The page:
Rokia Traoré - The natural ascent to global superstardom

Mali's Rokia Traoré challenged tradition in order to fulfil her fantasy of a career in music. Prior to a prestigious slot at Womad, she explains to Elisa Bray how she forged a distinct, organic direction
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If African music is reaching out to a broader – and younger – music-loving audience, with Amadou and Mariam and Tinariwen's rising popularity, the Malian star Rokia Traoré can only broaden the appeal. With her latest album, Tchamantché, adventurously blending the musical traditions of Mali with Western rock and blues music, she is anything but a typical Malian star. It would also help to explain why, since her compelling performance on Later... with Jools Holland in April, she has attracted fans in such wide-ranging artists as the jazz chanteuse Madeleine Peyroux and Manchester indie-rock band Doves' frontman Jimi Goodwin.

Slender, elegant and with a smile that lights up a room, the 35-year-old Traoré is currently in Paris, although she divides her time between the home in Amiens that she shares with her producer husband, and her base in Bamako, Mali, the centre of Africa's music scene. Soon she heads for the UK to play a clutch of festivals including the number one world music festival Womad. There, she will be reunited with her Malian peers, including the Wassoulou songstress Oumou Sangare and the acclaimed kora player Toumani Diabaté – although, as she points out, she does not comfortably slot into the close-knit Malian music scene.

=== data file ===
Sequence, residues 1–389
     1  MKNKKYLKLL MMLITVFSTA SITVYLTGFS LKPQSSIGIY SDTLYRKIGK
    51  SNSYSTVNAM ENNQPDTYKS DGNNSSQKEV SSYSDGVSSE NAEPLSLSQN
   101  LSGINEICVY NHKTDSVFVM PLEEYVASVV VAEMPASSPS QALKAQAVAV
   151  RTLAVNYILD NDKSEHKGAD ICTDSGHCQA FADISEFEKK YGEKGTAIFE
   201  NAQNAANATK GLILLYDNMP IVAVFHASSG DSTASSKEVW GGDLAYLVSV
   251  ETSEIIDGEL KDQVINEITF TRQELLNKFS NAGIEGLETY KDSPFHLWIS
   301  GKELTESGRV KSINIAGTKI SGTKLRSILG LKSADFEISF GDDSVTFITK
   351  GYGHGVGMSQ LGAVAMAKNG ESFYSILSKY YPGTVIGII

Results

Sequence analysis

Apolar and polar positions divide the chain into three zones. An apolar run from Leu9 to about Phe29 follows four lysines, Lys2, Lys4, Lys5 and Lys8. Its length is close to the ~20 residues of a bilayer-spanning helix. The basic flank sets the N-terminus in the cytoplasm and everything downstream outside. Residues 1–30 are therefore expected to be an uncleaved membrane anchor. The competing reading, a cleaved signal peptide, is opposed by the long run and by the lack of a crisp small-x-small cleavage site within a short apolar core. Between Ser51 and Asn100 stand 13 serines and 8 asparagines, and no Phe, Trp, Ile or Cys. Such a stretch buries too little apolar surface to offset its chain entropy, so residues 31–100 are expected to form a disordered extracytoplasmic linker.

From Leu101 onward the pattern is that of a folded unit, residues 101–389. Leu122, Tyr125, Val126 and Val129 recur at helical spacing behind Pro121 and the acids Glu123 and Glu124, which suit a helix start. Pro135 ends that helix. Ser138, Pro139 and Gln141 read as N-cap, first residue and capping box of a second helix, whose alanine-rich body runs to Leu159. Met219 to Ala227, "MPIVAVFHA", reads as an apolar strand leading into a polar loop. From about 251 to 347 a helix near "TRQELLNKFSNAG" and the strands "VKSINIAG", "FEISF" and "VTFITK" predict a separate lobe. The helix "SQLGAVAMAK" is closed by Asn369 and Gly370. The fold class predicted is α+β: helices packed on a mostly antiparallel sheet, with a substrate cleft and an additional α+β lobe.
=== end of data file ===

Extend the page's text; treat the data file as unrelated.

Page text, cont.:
"I know all the Malian musicians who have an international career. We have a good relationship, but we don't have the same way of thinking and making music and I'm not from the same background as all these musicians," she says. "I have a very special one among the Malian artists because I'm not from a national orchestra or a griot." The griots she mentions are a traditional group of Africans born into music. Traoré, by contrast, as a member of a high-born family, is discouraged as a woman from performing music in public – let alone dancing, which she is prone to doing joyously and gracefully onstage. Unlike other Malian musicians who started learning and performing as young as three, she had no musical training. She did, however, have music in the blood – her father played saxophone in a national orchestra, the Kati Orchestra, before giving it up to become a diplomat. He gave her her first guitar.

"I learned by myself how to play guitar and I learned singing by listening to other music, not just African music, but different styles – classical, blues and jazz – with my dad." She reels off a list of influences showing her lack of musical boundaries, artists she listened to as she taught herself: Ella Fitzgerald, Billie Holiday (whose "The Man I Love" she gives a reworking of on Tchamantché), Louis Armstrong, Otis Redding, Miriam Makeba, the composer Wagner, Serge Gainsbourg, the Rolling Stones and Pink Floyd. Later on, she became a protégé of the great Malian musician Ali Farka Touré. "I learned for pleasure, it was just a dream," she recalls. "I thought I would become a journalist. I wanted to write some books on music in Africa and the link between African music and European music. For me that was a possibility. I couldn't believe that I could have a professional career in music. I didn't believe it would be possible."

She took up a sociology degree at university in Brussels, but spent much of her time performing. Eventually, she quit studying to return to Mali and pursue a career in music – to her parents' displeasure. "I was so excited because I knew what I wanted to do, but they weren't happy. My father told me that Mali needs more intellectual people than musicians. He told me, 'You are making a big mistake.' He told me everything he did for his seven children and for the country. He wanted us to have high degrees and go back to Mali and work for the country and he couldn't understand my decision. I was very upset. Now all that is in the past, but it was very hard in the beginning to make them accept my choice."